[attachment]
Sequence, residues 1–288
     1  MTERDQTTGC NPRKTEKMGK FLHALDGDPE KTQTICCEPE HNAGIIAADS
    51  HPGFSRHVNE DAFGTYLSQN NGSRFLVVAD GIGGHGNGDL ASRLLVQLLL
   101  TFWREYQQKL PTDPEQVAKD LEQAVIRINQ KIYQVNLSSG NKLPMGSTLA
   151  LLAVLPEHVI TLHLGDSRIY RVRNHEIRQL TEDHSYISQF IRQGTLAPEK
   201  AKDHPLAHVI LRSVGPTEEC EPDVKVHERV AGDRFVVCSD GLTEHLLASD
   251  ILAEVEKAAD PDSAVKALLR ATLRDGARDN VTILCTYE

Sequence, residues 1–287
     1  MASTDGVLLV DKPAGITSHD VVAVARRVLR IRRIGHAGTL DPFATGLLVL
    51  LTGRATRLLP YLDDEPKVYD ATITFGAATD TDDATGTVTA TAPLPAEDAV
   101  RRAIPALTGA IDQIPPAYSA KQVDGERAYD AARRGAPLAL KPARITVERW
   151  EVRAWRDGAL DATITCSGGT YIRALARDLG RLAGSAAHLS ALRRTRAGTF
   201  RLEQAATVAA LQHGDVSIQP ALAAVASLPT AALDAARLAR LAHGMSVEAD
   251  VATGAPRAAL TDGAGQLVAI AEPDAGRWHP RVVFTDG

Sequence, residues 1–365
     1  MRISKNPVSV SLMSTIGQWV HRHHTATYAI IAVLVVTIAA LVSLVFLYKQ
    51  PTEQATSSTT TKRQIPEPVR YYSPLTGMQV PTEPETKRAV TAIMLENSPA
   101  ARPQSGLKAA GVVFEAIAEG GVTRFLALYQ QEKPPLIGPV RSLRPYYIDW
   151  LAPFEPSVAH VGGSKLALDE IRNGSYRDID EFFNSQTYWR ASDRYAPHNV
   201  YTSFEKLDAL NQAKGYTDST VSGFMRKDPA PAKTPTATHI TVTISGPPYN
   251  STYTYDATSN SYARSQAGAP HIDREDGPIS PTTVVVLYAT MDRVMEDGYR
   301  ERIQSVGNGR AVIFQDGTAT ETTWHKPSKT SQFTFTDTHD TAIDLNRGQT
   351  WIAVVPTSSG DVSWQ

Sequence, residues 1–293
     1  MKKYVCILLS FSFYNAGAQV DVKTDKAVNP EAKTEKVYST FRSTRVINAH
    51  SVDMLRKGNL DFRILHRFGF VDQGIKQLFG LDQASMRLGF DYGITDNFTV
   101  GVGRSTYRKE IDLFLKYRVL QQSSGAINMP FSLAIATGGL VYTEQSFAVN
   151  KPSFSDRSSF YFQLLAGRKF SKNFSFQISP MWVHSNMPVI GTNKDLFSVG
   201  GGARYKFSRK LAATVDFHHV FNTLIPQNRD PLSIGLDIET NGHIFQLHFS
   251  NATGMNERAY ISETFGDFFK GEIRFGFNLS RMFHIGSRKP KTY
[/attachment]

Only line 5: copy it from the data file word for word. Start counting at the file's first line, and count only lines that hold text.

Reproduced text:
   151  LLAVLPEHVI TLHLGDSRIY RVRNHEIRQL TEDHSYISQF IRQGTLAPEK